The metaverse isn’t just AR or VR, it’s both of them and more. It includes virtual reality, augmented reality, the internet and several other technologies. Microsoft is already using holograms and is working on developing mixed reality and extended reality (XR) on the Microsoft Mesh platform. It even intends to bring mixed reality in the form of holograms and virtual avatars to Microsoft Teams in 2022.
The biggest difference between AR & VR and the metaverse is that AR and VR have very clear definitions while the metaverse is a very vague concept that has not been clearly defined as yet.
VR and AR are certainly going to be big in the metaverse, Meta (Facebook back then) did after all spend $2 billion to acquire Oculus VR. There are certainly going to be parts of the metaverse that will be accessible via AR and VR, but it’s not going to be limited to those technologies. It is expected that the virtual spaces in the metaverse will be designed in such a way that they could be accessed from anywhere, with or without a headset.
What are the limitations of the metaverse?
The biggest limitations of the metaverse, right now, are that we’d need special equipment to access a lot of the metaverse. VR headsets and AR glasses like Google Glasses and Snap Spectacles are only experimental products at the very best right now.
Another issue is that VR headsets are not the most comfortable accessories to wear. They are rather clunky and a lot of people have had to deal with motion sickness as well as physical pain when they wear these headsets for extended periods of time. And with AR glasses… you really need to have a ridiculous level of confidence (or indifference) to deal with all the stares that you’d get for wearing those awkward looking glasses in public.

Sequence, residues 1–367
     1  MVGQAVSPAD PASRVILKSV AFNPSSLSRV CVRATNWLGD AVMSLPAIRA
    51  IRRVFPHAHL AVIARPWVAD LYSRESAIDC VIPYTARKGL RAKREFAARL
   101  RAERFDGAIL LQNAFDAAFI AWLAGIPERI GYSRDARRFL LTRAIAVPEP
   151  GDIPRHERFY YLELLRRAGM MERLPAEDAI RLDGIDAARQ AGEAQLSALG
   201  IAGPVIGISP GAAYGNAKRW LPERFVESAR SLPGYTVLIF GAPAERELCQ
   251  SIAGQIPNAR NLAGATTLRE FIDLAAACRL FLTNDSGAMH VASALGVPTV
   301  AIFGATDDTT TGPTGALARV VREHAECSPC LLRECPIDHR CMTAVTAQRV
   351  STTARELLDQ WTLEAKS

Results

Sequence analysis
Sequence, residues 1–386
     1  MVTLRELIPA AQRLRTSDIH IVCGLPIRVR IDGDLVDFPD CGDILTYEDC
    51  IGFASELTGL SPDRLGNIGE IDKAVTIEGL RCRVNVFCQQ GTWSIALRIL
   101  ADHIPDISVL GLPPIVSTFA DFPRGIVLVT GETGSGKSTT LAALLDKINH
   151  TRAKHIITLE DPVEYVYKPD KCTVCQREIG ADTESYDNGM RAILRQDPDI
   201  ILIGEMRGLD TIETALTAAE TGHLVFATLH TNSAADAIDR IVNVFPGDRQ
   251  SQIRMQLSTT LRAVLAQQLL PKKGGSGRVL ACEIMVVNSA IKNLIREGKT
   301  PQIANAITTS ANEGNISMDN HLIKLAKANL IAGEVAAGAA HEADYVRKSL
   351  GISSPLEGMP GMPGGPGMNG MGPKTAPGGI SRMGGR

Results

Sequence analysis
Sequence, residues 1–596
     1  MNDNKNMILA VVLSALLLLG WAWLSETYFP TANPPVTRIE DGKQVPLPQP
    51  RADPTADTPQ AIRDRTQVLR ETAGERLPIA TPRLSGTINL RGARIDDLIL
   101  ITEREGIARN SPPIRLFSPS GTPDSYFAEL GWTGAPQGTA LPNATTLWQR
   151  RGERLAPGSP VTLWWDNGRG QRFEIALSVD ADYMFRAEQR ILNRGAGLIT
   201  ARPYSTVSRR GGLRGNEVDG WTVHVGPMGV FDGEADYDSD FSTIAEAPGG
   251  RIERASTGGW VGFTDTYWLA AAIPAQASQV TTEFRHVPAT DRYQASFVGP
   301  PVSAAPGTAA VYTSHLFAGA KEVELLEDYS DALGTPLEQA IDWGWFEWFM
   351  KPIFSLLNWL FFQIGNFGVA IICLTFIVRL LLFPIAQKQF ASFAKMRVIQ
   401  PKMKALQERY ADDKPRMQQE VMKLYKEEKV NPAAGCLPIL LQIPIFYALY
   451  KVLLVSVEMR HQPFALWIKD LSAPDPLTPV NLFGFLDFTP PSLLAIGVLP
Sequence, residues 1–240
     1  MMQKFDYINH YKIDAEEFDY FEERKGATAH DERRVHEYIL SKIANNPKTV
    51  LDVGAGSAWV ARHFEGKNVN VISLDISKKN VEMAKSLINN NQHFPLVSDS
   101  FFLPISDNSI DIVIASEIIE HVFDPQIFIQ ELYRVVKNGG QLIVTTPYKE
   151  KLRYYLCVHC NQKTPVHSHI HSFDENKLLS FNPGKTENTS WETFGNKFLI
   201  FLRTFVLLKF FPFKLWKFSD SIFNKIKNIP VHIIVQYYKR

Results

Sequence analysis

Even the high-speed internet connections that the metaverse would require aren’t available in all parts of the world, which means that the metaverse would effectively be off limits to a large chunk of the Earth’s population, especially the rural ones.
A lot of the tech demos show visions of the metaverse that just aren’t possible with the technology available today. So while some of it is possible with upgraded versions of currently available technology, a lot of it will require completely new technology to be developed.
What can you do in the metaverse?
In the metaverse, you will be represented by an avatar that has the ability to move, speak, and even perform animated actions. You’ll even be able to interact with the avatars of other metaverse users, work, play, buy digital property in the metaverse and build new parts of the metaverse and new things in it. A lot of these things are already possible in Fortnite, Minecraft, Roblox, and Second Life.
In the future, we’ll probably see a way for us to carry these avatars across different aspects of the metaverse at large, unlike the current situation where you’d have one avatar on one platform and need to make another if you want to use another platform.